February 18, 2010 Student Scholarship Symposium
Wearable Justice?: Selling Social Justice in the Twenty-First Century
Today, issues of social and political justice have become increasingly trendy and perhaps more disturbingly, commercial. While clothing and other products that tell consumers to “Go Green,” to take a “Stand Against Female Genital Mutilation, or to “Stop Genocide and Save Darfur” are well intentioned and may indeed help social causes, we have to ask ourselves what type of justice these advertising campaigns are promoting. Is a wearable act of charity, such as a t-shirt that supports “HIV/AIDS education and prevention efforts,” a just act or rather a public billboard advertising one’s benevolence?
The Song of Lincoln: Walt Whitman’s Memory of Abraham Lincoln as a Soldier Martyr
In American history, the collective memory rarely becomes separated from the current historical understanding of the event or person. Just as different regions, groups, and historians understand the American Civil War differently, dissimilar perspectives on Abraham Lincoln, one of the greater historical figures of the Civil War, have emerged throughout the decades. Walt Whitman, the “Great American Poet” who greatly admired the President and strongly lamented his death, provides poetic insight to the memory of Lincoln after his assassination. Walt Whitman’s post-Civil War poetry, particularly “When Lilacs Last in the Door-yard Bloom’d” and “O Captain, My Captain” significantly affected the American memory of President Abraham Lincoln. These poems, rich with symbolism, create an image of Abraham Lincoln as both a soldier, in the sense that Lincoln was one among many to sacrifice his life for his nation, and a martyr, as one whose death was necessary to his life for nation’s triumph. This paper examine how, to Whitman, Lincoln was simultaneously the great redeemer of the Union and the common soldier fighting for a great cause. Through the immense popularity of Whitman’s poetry, this dual image of Abraham Lincoln became part of the national memory.___________________________________________________________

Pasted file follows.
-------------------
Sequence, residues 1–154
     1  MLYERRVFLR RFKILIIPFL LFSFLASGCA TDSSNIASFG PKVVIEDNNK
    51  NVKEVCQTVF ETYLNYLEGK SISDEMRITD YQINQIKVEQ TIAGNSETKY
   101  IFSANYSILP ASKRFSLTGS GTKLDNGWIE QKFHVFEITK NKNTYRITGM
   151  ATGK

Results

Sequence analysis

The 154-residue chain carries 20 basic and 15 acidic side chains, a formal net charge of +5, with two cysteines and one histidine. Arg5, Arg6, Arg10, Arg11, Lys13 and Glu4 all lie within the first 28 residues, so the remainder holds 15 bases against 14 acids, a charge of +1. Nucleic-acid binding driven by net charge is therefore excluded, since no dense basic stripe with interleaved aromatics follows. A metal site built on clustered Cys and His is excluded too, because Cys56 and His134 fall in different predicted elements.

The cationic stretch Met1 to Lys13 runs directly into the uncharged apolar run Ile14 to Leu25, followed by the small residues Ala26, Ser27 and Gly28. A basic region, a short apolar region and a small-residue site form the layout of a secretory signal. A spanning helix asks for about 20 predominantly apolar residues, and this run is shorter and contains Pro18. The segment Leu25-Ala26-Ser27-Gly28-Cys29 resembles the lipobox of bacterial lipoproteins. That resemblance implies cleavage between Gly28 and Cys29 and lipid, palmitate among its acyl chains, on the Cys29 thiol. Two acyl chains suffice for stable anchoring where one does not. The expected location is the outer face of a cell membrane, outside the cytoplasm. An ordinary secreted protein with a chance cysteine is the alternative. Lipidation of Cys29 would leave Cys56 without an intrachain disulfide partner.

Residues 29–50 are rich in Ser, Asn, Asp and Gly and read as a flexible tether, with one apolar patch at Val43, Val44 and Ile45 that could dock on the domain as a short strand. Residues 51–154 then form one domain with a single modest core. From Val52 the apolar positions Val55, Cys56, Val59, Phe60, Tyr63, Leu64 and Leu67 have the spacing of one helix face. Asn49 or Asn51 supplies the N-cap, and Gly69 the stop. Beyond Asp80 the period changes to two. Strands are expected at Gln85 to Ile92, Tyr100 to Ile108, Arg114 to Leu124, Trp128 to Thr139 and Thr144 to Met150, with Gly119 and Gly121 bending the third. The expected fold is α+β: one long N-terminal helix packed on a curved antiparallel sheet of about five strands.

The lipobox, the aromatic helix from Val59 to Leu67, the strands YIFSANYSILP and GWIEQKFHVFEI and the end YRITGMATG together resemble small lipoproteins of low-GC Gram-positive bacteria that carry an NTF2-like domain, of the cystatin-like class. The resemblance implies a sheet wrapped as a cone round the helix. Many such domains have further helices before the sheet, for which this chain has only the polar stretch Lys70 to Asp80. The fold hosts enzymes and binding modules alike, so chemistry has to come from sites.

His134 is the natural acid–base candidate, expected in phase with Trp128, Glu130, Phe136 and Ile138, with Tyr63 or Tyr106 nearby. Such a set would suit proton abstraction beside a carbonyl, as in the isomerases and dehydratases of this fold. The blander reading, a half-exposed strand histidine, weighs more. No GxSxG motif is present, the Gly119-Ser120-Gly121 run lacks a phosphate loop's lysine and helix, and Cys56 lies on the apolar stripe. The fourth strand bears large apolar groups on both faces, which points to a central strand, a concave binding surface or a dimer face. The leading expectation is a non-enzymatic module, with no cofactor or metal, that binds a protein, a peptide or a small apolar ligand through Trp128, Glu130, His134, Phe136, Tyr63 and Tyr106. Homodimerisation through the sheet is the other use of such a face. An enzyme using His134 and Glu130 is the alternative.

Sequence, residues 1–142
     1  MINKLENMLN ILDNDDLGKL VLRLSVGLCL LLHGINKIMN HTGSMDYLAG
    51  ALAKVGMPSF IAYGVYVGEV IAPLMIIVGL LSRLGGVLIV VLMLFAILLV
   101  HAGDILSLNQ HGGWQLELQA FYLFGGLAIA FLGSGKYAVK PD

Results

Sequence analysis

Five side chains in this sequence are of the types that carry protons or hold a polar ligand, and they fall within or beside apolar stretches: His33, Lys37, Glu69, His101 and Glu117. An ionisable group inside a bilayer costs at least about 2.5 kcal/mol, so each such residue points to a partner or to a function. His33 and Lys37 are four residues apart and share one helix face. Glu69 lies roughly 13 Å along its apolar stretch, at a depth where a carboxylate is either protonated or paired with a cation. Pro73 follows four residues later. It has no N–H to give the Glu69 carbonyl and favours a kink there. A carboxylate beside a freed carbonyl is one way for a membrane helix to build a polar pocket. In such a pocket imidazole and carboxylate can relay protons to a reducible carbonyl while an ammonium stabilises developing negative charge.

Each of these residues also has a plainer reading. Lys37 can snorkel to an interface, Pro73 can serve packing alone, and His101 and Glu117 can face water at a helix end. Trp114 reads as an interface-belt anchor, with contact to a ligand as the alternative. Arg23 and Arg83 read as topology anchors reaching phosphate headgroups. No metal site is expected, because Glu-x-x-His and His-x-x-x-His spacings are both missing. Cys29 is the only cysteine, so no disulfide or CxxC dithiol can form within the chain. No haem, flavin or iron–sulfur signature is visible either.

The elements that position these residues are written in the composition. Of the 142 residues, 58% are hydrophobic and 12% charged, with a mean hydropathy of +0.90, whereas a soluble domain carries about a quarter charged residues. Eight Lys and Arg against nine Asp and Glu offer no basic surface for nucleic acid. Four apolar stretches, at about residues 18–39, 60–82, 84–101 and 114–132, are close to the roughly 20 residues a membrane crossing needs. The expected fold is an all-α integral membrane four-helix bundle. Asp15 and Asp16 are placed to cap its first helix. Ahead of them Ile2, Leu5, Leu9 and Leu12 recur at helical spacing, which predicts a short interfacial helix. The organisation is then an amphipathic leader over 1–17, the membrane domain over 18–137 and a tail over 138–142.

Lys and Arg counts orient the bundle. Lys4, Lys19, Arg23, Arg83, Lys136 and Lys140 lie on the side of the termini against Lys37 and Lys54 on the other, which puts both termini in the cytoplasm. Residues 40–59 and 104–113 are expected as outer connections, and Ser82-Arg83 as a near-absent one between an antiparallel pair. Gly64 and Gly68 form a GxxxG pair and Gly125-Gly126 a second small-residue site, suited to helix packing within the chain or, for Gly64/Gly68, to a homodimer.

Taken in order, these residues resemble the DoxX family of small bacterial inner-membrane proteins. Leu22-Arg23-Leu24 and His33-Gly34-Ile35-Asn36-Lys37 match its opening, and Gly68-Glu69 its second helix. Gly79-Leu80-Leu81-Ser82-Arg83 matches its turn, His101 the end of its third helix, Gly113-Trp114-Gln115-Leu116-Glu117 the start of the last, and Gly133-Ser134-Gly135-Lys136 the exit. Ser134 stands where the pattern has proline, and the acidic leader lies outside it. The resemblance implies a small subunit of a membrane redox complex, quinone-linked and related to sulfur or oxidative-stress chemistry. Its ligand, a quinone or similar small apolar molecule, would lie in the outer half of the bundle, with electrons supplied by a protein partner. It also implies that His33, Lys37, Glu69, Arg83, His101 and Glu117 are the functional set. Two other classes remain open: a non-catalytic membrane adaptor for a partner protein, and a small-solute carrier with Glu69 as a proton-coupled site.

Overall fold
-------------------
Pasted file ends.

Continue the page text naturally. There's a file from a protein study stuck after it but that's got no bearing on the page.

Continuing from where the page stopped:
Redeeming the Underground Man: Writing as a Vehicle of Redemption in Dostoevsky's "Notes from Underground"
|The Changing of Chinese Medicine: Interlacing TCM with Western Politics
As China has begun to open up to the rest of the world, after its isolation during the Cultural Revolution, many rapid changes in Chinese culture have occurred. For instance, traditional Chinese architecture that is noted for its intricacy and vivid color has been given up for blocks of identical cement apartment buildings and an endless view of skyscrapers. The practice of medicine has also undergone dramatic changes in a complicated and, at times, contradictory process of reversion and progression. Through my internship in a hospital in China, I learned firsthand about the medical practices at a modern hospital in Hangzhou, China, and how China is continuing to practice traditional Chinese medicine while proceeding with the Western advances in practices and equipment. This paper explains how the modern medical practices in China arose because of central government planning initiatives, and how these initiatives created a complex system that intertwines Western practices and traditional Chinese medicine.